Luxottica has appointed Francesco Milleri to the board of directors with the task of assisting Leonardo Del Vecchio, executive chairman of the group, in “carrying out the various functions associated with his current role.” An Italian business daily, Il Sole 24 Ore, said that Milleri is already an acting deputy chairman, a position that the newspaper believes will be made official at a later stage.
Milleri is a computer expert, born in 1959, who has worked as a consultant for Luxottica and other Italian multi-nationals. He has been described as a long-time friend and adviser of Del Vecchio and his family (see Eyewear Intelligence Vol. 17 N° 3). According to Reuters, he has been playing an increasing active role at Luxottica in the past two years, antagonizing some key executives.
Milleri's appointment raises further concern about the group's governance after a year and a half of top management changes. Del Vecchio, who founded the company that he controls together with his family, will turn 81 on May 22, and he continues to command respect for his accomplishments and his vision. He said that he plans to return to his previous role of non-executive chairman “in a few years,” handing over the management then to a new chief executive.
Del Vecchio came back to the fore in September 2014, pushing out the former CEO, Andrea Guerra, who had run the company for 10 years, and leading to the departure of his newly named successor, Enrico Cavatorta, after six weeks in the post. He then set up a triumvirate formed by two CEOs and an executive chairman, i.e. himself. One of the two CEOs, Adil Mehboob-Khan, was placed in charge of markets, but left on Jan. 29. The other CEO, Massimo Vian, was given responsibility for product and operations.
Insisting that Milleri is not a CEO, and that he will “act under my coordination and under my responsibility,” Del Vecchio defended himself in a statement saying that the group's corporate governance is “very clear” now. Nevertheless, on March 10, Standard Ethics downgraded Luxottica's corporate governance rating to “E+” from “EE-,” with a stable outlook.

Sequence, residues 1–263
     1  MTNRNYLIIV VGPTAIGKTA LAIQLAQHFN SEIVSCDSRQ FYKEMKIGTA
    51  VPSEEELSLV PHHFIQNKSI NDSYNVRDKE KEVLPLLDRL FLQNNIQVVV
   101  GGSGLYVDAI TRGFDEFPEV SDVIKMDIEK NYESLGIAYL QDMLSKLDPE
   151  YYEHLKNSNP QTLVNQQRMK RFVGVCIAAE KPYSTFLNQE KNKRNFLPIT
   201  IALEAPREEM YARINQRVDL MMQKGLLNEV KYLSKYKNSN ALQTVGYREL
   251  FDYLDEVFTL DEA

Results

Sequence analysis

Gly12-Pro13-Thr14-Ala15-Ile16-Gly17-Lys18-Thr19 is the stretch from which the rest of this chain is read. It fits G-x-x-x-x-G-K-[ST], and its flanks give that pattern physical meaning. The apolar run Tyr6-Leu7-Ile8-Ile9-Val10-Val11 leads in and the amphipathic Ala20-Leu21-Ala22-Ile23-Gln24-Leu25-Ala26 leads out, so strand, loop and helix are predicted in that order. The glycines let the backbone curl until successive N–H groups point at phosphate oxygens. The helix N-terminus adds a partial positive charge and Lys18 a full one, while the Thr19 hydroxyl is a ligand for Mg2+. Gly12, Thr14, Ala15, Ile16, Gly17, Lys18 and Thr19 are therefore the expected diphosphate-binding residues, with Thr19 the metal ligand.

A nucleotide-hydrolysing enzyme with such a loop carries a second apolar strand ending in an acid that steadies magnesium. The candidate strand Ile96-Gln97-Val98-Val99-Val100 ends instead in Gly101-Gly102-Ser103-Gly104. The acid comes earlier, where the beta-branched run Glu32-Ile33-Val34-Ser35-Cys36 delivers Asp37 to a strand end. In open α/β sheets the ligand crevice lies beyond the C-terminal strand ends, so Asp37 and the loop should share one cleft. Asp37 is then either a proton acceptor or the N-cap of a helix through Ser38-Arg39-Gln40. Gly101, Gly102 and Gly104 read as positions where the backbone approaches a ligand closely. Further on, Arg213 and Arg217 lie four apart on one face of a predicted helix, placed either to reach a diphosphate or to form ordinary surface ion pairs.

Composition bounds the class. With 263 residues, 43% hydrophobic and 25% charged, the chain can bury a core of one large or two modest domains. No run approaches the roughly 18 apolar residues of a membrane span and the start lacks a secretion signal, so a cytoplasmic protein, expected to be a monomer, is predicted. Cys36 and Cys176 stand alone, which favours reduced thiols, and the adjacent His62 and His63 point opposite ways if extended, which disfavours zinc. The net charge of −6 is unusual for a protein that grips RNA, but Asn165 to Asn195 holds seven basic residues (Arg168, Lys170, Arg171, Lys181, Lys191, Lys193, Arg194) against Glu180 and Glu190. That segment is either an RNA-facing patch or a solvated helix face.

Luxottica's governance rating had been placed under monitoring since July 24. Standard Ethics cited comments released by Del Vecchio saying that he was taking on operating powers to give a more active contribution to the management and that the majority shareholder has every right to do so. “The decision prefigures a direct participation of the majority shareholder in the day-to-day management of the company, which, according to Standard Ethics' model, is incompatible with the principle of independence of the board of directors in listed companies,” it said.
In the meantime, Del Vecchio has raised his stake in Luxottica. On March 2, his family holding company, Delfin, spent nearly €78 million to buy 1.51 million shares in the eyewear company, boosting its stake to close to 62 percent.
While he shares control of Luxottica with his family, Forbes has found that Del Vecchio is the richest man in the Italian fashion sector, with a net worth of $18.6 billion. As of March 29, he took the 37th spot on Forbes' list of the world's biggest billionaires.
For its part, Luxottica's board has proposed a plan to buy back 10 million ordinary shares, or 2.07 percent of its capital, for a maximum outlay of €750 million. It intends to use the shares to build up a portfolio of treasury shares to use as currency for extraordinary financial transactions and to cover a share allotment program for the management. The share buyback has to be approved by shareholders at the company's annual meeting on April 29.